A high impact event can completely derail a project, so focus planning efforts here even if the event probability is low. For dilemmas in this category, you definitely need a Plan B.

Take the case of the project manager who suddenly fell seriously ill. The project fell off schedule immediately. The team's lack of a suitable replacement caused a long delay in the project and confusion among the team members.

For high-impact/low-probability events, be sure to have fallback options, like a surefooted leader to step in if an emergency occurs.

High Impact/High Probability Disasters

You want this quadrant of the matrix to be empty. If it isn't, run for cover. In one case, a project team began work with only 50% of the required team members. The scope of the effort and the capacity of the team were completely misaligned. The result was a high probability—more like a certainty—that the project wouldn't get done. Retooling the plan is the only way to avoid project disasters.

10 Common Sources of Surprise

Look back at your projects that worked well and those that didn't; both will provide valuable clues about potential problems. Consider these 10 common surprises that can put any project team on the ropes:

  1. Unknown stakeholders are people who have influence over a project's direction, outcome, resources or schedule without the project team's knowledge at the outset of the planning process.

  2. Unexpected resistance goes beyond the normal objections to change that project teams routinely encounter. As you might guess, unknown stakeholders are often the source of unexpected resistance.

  3. External events can have a profound affect on any project. A change in a competitor's strategy, for example, can stop a project dead in its tracks.

  4. Chemistry is how well a project team works together. Poor chemistry on a team can contribute to highly negative behavior and can jeopardize project success.

  5. Late delivery of anything generally wreaks havoc with project schedules and creates unplanned time pressure on project activities.

  6. Fuzzy project scope results in a lack of a common understanding about what the project is intended to accomplish. Without agreement about where the project is going, you probably won't get there.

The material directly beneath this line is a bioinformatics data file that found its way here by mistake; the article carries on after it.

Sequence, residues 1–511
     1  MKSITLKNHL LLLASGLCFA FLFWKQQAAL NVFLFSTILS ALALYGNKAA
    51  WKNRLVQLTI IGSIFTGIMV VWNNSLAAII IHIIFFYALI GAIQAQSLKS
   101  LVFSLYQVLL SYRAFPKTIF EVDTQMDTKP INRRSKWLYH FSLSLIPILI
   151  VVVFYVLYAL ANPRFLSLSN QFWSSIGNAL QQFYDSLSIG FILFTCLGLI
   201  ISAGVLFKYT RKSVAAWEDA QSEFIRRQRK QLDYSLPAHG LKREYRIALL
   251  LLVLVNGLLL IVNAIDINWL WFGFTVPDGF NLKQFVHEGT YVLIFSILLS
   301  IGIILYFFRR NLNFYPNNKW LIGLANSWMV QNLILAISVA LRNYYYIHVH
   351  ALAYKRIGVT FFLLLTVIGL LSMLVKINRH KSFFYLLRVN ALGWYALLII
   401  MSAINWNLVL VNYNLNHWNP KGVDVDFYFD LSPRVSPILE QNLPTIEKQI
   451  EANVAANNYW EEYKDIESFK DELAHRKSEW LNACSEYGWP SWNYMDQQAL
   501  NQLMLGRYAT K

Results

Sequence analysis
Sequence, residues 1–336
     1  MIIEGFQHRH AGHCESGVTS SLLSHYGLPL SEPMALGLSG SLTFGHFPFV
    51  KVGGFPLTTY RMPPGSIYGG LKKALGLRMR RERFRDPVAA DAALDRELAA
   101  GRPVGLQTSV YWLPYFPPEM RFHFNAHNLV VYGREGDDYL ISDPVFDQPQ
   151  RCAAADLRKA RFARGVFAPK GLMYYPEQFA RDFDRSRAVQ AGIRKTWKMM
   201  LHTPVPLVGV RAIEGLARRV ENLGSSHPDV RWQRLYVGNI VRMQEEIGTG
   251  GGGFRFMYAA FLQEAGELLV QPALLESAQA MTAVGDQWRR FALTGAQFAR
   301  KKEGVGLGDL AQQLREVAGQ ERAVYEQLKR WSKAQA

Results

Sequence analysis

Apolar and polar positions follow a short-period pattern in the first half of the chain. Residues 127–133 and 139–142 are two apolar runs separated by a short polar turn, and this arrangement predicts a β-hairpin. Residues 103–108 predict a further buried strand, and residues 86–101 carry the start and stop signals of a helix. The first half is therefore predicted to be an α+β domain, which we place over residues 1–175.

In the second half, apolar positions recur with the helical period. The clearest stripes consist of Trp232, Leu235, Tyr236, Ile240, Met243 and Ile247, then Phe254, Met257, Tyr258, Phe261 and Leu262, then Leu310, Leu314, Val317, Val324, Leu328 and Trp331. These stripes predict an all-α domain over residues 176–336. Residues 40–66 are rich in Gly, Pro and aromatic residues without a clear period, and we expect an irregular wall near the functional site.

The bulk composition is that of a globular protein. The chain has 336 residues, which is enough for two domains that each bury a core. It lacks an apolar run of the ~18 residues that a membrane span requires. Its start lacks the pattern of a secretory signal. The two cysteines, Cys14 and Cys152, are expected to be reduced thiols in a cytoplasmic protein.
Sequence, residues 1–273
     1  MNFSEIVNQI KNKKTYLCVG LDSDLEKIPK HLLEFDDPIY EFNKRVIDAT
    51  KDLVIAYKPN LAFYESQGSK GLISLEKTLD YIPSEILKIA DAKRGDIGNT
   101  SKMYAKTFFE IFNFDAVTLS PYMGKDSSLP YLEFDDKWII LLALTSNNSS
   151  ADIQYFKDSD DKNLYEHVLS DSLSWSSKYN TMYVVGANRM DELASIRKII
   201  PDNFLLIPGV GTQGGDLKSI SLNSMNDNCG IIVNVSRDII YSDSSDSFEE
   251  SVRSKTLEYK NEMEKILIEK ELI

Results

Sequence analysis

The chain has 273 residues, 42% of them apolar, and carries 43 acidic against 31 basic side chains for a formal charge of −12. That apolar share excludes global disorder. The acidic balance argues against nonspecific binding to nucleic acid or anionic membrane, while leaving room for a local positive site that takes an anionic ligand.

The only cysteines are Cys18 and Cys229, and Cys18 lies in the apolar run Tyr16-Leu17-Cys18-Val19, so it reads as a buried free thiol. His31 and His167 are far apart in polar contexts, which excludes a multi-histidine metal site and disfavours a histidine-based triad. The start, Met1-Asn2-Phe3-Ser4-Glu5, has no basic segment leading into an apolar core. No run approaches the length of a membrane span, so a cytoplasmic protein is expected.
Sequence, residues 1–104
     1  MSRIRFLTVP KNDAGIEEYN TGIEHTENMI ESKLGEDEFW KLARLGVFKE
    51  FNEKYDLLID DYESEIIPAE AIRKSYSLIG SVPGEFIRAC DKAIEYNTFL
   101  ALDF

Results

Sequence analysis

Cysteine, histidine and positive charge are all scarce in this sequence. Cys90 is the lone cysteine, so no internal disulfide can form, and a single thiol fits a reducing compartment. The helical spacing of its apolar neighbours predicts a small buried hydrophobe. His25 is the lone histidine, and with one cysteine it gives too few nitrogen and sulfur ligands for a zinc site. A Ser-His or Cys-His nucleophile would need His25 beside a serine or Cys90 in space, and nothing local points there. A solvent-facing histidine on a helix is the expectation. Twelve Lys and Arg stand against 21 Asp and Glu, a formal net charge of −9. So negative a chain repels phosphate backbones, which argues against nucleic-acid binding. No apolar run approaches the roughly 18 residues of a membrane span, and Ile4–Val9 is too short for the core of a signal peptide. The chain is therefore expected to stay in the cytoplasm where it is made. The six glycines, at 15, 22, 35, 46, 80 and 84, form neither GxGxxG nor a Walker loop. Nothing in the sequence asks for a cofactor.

7. Lack of early, demonstrable progress can create a perception that the project is floundering, even if it isn't. Project teams shouldn't keep their accomplishments a secret. Especially on large projects, plan to achieve a milestone every 100 days, at a minimum, and make sure everyone involved knows when it's reached.

  8. Executive turnover can cause a change in project direction, or may even result in a project being canceled. That has been known to happen even when the investment in the project would be lost.

  9. Project team emergencies occur with regularity, especially during large or lengthy projects. Losing a team member for an extended period can change the dynamics and productivity of a team.

  10. Ineffective communication always leads to problems and will make project results unpredictable. Be sure that communication travels in all directions, and as far into the organization as possible, to help locate unknown stakeholders, identify areas of unexpected resistance and prepare for the unexpected.


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Michael W. McLaughlin is the coauthor, with Jay Conrad Levinson, of Guerrilla Marketing for Consultants. Michael is a principal with Deloitte Consulting LLP and the editor of Management Consulting News (www.managementconsultingnews.com) and the Guerrilla Consultant. For more information, visit www.guerrillaconsulting.com.